Extraordinary Miracles

Acts 19:11-17
11 God was performing extraordinary miracles by the hands of Paul, 12 so that handkerchiefs or aprons were even carried from his body to the sick, and the diseases left them and the evil spirits went out. 13 But also some of the Jewish exorcists, who went from place to place, attempted to name over those who had the evil spirits the name of the Lord Jesus, saying, “I adjure you by Jesus whom Paul preaches.” 14 Seven sons of one Sceva, a Jewish chief priest, were doing this. 15 And the evil spirit answered and said to them, “I recognize Jesus, and I know about Paul, but who are you?” 16 And the man, in whom was the evil spirit, leaped on them and subdued all of them and overpowered them, so that they fled out of that house naked and wounded. 17 This became known to all, both Jews and Greeks, who lived in Ephesus; and fear fell upon them all and the name of the Lord Jesus was being magnified.

Aren’t miracles extraordinary on their own?  Yet Luke records that God was performing extraordinarily through Paul in this time.  This indicates two things: the Spirit-led life of the common miracles had become ordinary and this is an example of what Jesus was talking about in John 14 when He said:

11 “Believe Me that I am in the Father and the Father is in Me; otherwise believe because of the works themselves. 12 “Truly, truly, I say to you, he who believes in Me, the works that I do, he will do also; and greater works than these he will do; because I go to the Father.

One thing we must grasp is that the life we saw Jesus living and afterwards His disciples (not just the original 12, but everyone who followed “The Way”) became accustomed to this new culture of Jesus.  Why then is this not normal to us?  Why are we not seeing these things today?  We have watered down Jesus’ culture he brought to share with us.  We have diminished what it truly means to live in the Kingdom of God.  To this world, healing the sick, raising the dead, and casting out evil spirits are considered miracles because they have no other logical explanation in human thought.  With God, however, by living in His Spirit as residents of His Kingdom, this is commonplace.  Yet even then, as Paul saw the normality in “miracles,” they were seeing things beyond what had become normal even to them!  Remember, Luke had been doing an investigation of this Jesus guy to see if what people were saying was true.  His epistle as well as the book of Acts is the result of his investigation.  Until now, all the craziness he had witnessed was “normal” but this was extra-ordinary.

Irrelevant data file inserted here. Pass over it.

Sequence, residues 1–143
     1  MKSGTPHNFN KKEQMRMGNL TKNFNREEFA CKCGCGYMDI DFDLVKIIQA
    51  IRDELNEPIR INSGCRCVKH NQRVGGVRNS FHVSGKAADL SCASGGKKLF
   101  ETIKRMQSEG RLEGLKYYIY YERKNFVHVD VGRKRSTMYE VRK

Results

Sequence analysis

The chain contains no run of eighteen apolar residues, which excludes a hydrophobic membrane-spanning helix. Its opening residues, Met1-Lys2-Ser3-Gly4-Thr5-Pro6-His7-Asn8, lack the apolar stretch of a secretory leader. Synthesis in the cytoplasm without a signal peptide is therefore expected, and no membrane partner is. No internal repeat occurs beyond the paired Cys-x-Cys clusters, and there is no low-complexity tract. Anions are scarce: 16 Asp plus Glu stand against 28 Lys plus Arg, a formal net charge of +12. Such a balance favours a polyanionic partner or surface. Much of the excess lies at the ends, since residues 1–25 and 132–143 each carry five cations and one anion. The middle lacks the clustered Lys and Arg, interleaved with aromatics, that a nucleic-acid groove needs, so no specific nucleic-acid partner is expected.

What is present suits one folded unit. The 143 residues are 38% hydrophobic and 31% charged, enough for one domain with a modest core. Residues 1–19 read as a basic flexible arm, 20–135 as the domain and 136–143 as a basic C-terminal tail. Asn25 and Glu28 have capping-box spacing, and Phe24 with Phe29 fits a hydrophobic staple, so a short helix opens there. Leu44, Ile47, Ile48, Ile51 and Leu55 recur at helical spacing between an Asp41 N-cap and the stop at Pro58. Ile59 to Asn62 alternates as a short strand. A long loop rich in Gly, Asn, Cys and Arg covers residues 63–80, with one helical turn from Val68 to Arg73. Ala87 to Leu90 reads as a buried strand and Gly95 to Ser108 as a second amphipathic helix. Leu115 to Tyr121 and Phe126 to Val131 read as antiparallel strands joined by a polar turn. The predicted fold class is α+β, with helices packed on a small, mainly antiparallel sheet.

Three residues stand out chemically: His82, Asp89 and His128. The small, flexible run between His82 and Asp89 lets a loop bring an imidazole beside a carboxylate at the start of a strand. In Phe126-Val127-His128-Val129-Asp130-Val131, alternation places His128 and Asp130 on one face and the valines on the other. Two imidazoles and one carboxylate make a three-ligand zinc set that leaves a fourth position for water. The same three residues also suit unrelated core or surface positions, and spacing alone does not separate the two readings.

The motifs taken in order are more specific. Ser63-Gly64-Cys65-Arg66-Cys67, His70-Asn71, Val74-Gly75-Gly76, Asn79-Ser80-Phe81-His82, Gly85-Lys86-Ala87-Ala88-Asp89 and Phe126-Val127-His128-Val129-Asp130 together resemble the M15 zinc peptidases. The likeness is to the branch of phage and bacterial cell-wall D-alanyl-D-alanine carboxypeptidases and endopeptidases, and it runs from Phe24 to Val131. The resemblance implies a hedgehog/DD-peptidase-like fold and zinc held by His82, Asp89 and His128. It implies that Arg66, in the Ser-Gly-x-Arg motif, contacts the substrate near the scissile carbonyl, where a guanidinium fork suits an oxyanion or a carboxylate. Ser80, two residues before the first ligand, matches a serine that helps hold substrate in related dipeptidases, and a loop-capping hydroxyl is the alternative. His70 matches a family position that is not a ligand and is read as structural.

It is interesting to look into the original text concerning this phrase “extraordinary miracles.”  The original Greek words are tugchano dunamis, which explains the idea of “perfected power.”  God’s perfection was shining brightly through Paul.  While people were able to carry pieces of cloth “filled with power” to the sick for healing, it makes us think if the power was really contained in the cloth or if it was simply carried by the person carrying the cloth through their faith in Christ.  Jesus healed people from distances (remember the centurion that Jesus told to go home because his servant was already healed by faith in Matthew 8), so why couldn’t He do it then, too?  What makes us think that He doesn’t still do it?

We see the danger in this passage of looking at the power of God from a worldly perspective.  In reading about the Jewish chief priest doing this, you would think that as a chief priest he too would possess the power and authority of God.  Yet this priest missed the point.  It isn’t about nonchalantly wielding the power and name of God, it’s about enveloping yourself with Kingdom living and God teaching you step-by-step how to do these things.  Then, they will come naturally to us!  This priest went from never riding a bike to jumping on a motorcycle and crashed immediately.  The ultimate point is for the name of the Lord Jesus being magnified.  It isn’t for our own recognition nor for more people to fill our congregation; it is for the glory of God.  If we miss this very important detail, we will fail every time we attempt to wield the power of God.

So why hasn’t this become ordinary to us yet?  Why haven’t we begun fully living in the Kingdom of God?  Why hasn’t God’s presence in our lives become so prevalent that others sense and see there is a “Way” about us just by being in our presence?  Why do we not bring the reality of God to others in our day-to-day business?

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